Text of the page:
For a more thorough explanation plus photos, be sure to check out this postby David Leibovitz.
Swiss Meringue Buttercream
3 large egg whites
1 cup granulated sugar
1 1/2 cups unsalted butter, softened
2 teaspoons vanilla extract
- Place the egg whites and sugar in the bowl of an electric mixer. Whisk by hand to combine.
- Fill a medium saucepan with a few inches of water and bring to a simmer.
- Place the mixer bowl on top of the saucepan to create a double-boiler. Stirring intermittently, bring the egg white mixture to about 155 degrees on a candy thermometer.
- Once hot, carefully transfer the mixer bowl back to the stand mixer. With the whisk attachment, whip the egg mixture until medium peaks - or until the outside of the mixer bowl returns to room temperature.
- Stop the mixer and swap out the whisk for the paddle attachment.
- With the mixer on low, add in the butter a few tablespoons at a time.
- Add in the vanilla.
- Turn the mixer up to medium-high and mix until silky smooth.
1 cup brown sugar
1/2 cup heavy cream
1/2 cup unsalted butter
1 teaspoon vanilla pinch salt
- Place the sugar, cream, and butter in s small saucepan.
- Bring everything to a boil, then reduce the heat to a simmer.
- Stir with a wooden spoon for about 3 to 4 minutes, or until the sauce thickens
- Let cool until desired consistency is reached.
- Once the cakes have cooled, trim them and then place them back in their pans. Poke holes in the cakes with a wooden skewer.
- Make or reheat the toffee sauce. It should be warm and fluid.
- Pour about half of the toffee sauce over the tops of the trimmed cakes. Let soak for at least 20 minutes. Save the remaining toffee for the top of the cake.
- Once the cakes are done soaking, spread on about 1/2 to 3/4 cup of the buttercream between the layers of cake.
- Ice the top of the cake to give the toffee a nice surface to drip from.
- Frost the sides of the cake with any remaining buttercream.
- Pour cooled, thickened toffee sauce over the top of the cake before serving.
Does anyone else know the difference between butterscotch and toffee? Be sure to leave you thoughts in the comment section below!
- White the white chocolate cooks in the oven, it will go through a dry, crumbly stage. Keep stirring and smoothing against the baking pan.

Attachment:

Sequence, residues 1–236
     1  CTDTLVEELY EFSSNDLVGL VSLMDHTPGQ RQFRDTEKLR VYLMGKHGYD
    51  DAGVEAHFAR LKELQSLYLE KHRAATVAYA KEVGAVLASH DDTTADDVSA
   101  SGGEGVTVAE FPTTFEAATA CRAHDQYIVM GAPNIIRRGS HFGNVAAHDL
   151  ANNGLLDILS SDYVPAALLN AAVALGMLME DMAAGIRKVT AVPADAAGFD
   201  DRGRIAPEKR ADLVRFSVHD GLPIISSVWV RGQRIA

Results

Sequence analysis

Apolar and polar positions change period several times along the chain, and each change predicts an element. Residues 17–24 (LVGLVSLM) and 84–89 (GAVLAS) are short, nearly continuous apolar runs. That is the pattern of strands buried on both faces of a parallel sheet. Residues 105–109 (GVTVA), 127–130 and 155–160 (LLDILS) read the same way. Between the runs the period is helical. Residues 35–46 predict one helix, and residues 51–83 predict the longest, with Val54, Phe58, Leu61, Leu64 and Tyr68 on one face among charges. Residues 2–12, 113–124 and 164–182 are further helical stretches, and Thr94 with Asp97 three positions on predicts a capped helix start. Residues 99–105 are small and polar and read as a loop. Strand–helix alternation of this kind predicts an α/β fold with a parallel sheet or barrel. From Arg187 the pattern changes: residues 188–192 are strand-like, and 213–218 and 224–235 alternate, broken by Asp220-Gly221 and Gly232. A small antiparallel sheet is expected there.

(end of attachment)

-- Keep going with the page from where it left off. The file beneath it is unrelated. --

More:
- If making in advance, re-heat the caramelized white chocolate in the top of a double-boiler before sitting into the buttercream.
- The toffee sauce will become almost solid if refrigerated. To re-warm, place it in saucepan of hot water (I was afraid the glass might break if heated on the stove, but I'm not sure if this would actually happen - so use caution).
I thought I was jumping the gun with the fall desserts, and then we had an entire week of rain. Like RAIN rain. The kind that makes the tree across the street fall down, the lights in the house flicker, and keeps you in your sweats all day long. We turned the heaters on for the first time since Spring and enjoyed the first of many apple treats for the season.
Truth be told, I've been meaning to make this galette for weeks now. I had my eye on that gorgeous blueberry-pecan number that graced to covers of Bon Appetit and then was certain I was going to make the most of summer's stone fruit and whip up a tasty peach one. Neither happened.
The best thing about rustic galettes is that you can make them all year long! Swap out the fruit and filling to whatever is season, and you have a quick 'n easy dessert no matter what month it is. So for fall, I went with a Toffee Honey Apple Galette!
Free-form galettes are like a fancy lattice pie’s unapologetic, untamed cousin. And if you are like me and are seriously lacking in your lattice game, then this rustic pastry wins almost every time. A little lopsided, slightly too crispy on one edge, all-together not picture-perfect? Who cares! It's delicious! Plus, isn't rustic the new "chic" anyways?
How are you kicking off apple season? What flavour of galette do you think would be the best for fall? I'm thinking pear-maple would be awesome. Head on over to Brit.co to pick up the full recipe!